Waterproof deck coatings and Condominiums seem to go hand in hand in California. It seems that nearly every HOA complex has them, either over a living space or attached off a room. Residents love them because their decks are often used as another room of the house, owners and managers of income property usually detest them because of the problems that seem to always come along with them. eco friendly decking
Some owners and managers seek to minimize their exposure to these problems by seeking to change the CC&R’s, making owners responsible for these exclusive use areas. Other Boards just put their heads in the sand, repairing decks as a complaint comes in, usually with the bare minimum of work to stop the deck from leaking. Smart managers and Boards will tackle the problem head on, looking to get their deck problems under control right away. As a former HOA manager, I saw first hand how ignoring maintenance on waterproof decks could be very expensive.
The cost of a new waterproof coating isn’t cheap, but the cost of repairing dry-rotted framing supporting the deck is a lot worse. An Association I managed signed a contract for resurfacing eight decks in Pismo Beach. That contract turned from an $8,000.00 + resurfacing into over $100,000.00 in dry-rot repairs when it was all over. The Association had deferred the maintenance required by the manufacturer for several years beyond the recommended maintenance schedule, allowing the surface to degrade to the point where water was able to penetrate into the framing and rot it from the inside out.
The key to preventing decks from becoming a problem is in inspecting the decks. Often times the manager and or the Board will walk the Associations common area property for inspection of the components the Association is responsible for. Typical items that are checked are downspouts and gutters; the condition of the paint on the buildings, the roof and whatever else can be readily viewed from the street and sidewalks. As water proofed decks are typically on the second or third floor, they usually are never inspected. Access through the home is difficult to arrange with owners and what manager or Board member really wants to climb a ladder?
Therefore, the decks just linger by themselves, never really thought of until an owner calls to say that water is dripping into their home from the deck above them during the biggest rainstorm of the season. Then the deck problem raises it’s ugly head, causing the manager to go into crisis management mode, calling a handyman out to temporarily cover the deck, waiting for a deck company to come out and look at it, getting the Board to approve the repair, all of which can take a month or more. The owner is frustrated because their deck leaks, the manager is frustrated because he or she hears from the owner 2-3 times with complaints, the deck company is usually busy with lots of leak calls and it takes forever to get anything done that cures the problem.
Frequent (at least once per year) inspections will help eliminate problems. Catching small problems before they become big problems can save considerable sums of money from having to be spent on framing repairs due to leaks. Summer is an ideal time to inspect decks, it isn’t raining and there is some time before the winter storms begin anew to get bids and make needed repairs. The inspection needn’t be a difficult thing to do; there are many things to look for that a layman can spot pretty easily. If the Association or management firm has a deck company that they trust, perhaps hiring them as an outside source to perform the inspections would work well. Digital cameras can be used to provide photo documentation of the conditions found, allowing the manager and Board to get an exact idea of the problems that they may be facing.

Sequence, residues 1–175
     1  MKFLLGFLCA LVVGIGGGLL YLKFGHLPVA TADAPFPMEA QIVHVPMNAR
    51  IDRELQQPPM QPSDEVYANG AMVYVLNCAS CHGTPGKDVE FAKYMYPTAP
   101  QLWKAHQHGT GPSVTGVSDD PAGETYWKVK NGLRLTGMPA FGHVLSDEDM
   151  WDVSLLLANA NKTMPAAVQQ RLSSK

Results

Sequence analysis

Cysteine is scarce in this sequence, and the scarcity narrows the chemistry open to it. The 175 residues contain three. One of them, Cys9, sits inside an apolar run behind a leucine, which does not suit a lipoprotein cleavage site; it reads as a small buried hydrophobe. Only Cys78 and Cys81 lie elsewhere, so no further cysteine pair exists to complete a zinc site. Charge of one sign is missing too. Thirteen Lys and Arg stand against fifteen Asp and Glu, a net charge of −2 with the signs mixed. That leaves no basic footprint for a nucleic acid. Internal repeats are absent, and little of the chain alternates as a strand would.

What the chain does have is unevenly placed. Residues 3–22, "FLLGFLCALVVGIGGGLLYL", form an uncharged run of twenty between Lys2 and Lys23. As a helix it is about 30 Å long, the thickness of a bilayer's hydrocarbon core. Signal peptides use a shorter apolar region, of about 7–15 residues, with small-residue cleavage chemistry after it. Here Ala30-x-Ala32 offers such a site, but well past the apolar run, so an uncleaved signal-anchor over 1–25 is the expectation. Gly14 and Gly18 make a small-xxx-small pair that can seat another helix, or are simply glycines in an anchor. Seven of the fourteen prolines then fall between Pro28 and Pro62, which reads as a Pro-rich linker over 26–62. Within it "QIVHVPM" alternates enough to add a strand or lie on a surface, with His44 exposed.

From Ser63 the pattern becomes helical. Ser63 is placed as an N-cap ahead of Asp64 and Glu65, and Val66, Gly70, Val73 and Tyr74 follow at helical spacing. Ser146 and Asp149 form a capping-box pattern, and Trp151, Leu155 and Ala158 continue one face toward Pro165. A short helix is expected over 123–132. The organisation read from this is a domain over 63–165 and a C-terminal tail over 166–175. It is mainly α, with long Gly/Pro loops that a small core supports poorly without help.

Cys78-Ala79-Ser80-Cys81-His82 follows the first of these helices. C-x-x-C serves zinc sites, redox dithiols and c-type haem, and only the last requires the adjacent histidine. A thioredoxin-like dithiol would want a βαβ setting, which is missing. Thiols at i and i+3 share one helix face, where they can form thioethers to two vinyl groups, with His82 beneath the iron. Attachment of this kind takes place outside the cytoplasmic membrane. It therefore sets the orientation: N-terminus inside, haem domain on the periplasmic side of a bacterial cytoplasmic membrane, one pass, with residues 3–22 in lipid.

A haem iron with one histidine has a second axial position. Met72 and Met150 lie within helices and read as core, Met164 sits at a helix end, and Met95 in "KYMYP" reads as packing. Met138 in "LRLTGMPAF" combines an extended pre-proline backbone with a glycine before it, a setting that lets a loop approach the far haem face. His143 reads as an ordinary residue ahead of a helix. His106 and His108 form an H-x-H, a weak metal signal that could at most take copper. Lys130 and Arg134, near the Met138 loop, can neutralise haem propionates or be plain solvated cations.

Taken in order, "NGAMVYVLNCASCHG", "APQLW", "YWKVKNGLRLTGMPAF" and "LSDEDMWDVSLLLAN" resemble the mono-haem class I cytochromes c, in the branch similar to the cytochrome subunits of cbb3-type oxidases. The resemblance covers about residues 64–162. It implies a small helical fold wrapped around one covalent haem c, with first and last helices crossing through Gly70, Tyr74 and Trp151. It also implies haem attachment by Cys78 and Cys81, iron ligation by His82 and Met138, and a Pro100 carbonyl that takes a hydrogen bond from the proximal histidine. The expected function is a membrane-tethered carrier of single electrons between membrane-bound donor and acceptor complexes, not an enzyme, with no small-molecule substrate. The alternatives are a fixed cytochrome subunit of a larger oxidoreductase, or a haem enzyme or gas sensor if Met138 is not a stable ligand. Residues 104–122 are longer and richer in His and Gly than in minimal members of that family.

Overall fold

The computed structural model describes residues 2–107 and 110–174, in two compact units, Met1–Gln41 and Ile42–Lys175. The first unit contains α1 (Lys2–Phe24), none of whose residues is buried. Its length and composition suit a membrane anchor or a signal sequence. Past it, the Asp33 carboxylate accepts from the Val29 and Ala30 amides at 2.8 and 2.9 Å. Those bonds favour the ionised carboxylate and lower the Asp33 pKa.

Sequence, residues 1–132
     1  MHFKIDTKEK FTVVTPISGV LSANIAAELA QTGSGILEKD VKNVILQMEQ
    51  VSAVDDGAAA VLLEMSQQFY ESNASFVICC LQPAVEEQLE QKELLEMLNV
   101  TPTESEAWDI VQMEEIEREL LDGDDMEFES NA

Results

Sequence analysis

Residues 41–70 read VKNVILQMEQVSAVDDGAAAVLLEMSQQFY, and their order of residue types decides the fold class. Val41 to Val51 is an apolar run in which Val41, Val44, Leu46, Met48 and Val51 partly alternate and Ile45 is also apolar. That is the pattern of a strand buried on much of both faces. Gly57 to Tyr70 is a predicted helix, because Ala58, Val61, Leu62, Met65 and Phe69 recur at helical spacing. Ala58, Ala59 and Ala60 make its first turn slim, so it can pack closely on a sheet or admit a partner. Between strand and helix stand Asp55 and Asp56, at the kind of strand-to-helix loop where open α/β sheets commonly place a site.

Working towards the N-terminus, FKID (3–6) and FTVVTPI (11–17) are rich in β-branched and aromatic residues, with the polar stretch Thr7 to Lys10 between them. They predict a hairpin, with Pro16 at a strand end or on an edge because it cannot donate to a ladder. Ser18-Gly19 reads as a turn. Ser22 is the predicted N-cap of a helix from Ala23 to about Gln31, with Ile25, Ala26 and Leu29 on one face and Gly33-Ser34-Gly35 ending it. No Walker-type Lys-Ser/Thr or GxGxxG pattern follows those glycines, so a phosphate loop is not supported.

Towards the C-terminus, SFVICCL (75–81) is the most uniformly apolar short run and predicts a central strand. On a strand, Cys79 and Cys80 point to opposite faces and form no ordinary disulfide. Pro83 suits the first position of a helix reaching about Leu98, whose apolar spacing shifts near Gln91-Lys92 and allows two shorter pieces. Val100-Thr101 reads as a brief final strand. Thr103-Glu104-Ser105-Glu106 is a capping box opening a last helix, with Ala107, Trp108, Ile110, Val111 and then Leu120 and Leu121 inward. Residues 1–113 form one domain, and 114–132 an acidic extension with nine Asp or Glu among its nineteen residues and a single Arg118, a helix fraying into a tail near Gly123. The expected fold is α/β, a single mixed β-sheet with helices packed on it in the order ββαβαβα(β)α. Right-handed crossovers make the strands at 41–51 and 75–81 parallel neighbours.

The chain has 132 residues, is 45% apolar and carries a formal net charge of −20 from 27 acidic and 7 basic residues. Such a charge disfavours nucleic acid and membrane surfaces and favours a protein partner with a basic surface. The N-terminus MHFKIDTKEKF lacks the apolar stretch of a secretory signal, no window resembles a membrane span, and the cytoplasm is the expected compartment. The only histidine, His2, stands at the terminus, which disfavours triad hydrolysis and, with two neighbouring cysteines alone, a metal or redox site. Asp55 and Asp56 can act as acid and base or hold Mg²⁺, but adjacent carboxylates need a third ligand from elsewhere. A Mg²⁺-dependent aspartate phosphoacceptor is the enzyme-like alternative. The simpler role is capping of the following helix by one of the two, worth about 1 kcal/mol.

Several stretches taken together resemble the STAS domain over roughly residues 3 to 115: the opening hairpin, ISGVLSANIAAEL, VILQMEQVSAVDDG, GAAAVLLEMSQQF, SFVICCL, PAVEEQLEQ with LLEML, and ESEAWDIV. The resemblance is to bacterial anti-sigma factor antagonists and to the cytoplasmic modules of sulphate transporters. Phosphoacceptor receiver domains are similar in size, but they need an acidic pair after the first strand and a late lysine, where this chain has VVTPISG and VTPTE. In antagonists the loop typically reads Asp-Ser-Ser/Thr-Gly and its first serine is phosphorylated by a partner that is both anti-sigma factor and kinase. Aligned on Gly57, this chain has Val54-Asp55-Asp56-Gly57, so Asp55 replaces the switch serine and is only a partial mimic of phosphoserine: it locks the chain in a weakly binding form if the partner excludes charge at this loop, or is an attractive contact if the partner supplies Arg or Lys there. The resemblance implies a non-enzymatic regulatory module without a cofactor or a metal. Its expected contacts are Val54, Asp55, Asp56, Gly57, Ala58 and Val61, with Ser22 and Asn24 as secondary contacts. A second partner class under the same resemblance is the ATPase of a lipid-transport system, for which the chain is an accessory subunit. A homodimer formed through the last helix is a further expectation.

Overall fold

When doing your own inspections, it will be helpful to know what type of deck coating is on the decks. A brand name helps, but more importantly, knowing what type of material has been applied is better. Elastomeric, urethane, lightweight concrete and floating systems are typical coating materials in use on many decks. In knowing what type deck coating you have, you will be able to know how often the deck will need to be maintained.
Warning signs to look for on your deck inspection include cracks in the deck coating, nails popping through the coating from the subsurface, delaminating paint and bubbles in the coating surface. Any of these items found is a sign that the waterproof surface has been compromised. Owners should be looking for these warning signs too, as well as looking for stains on their ceiling or walls in the home below their deck. Metal flashing can be checked for signs of rust, pulling loose from the deck coating or if it is bent or broken.
If you find these problems on a deck, a simple check of the condition of the substrate underneath can be achieved by using your foot to check for softness. Be careful, it may be so soft that your foot could go through the deck in a worst-case scenario! Soft substrate is indicative of what could be a bigger problem underneath, dry-rotted framing and/or termites. The other hot button in today’s HOA world is mold and mildew. This may exist underneath also.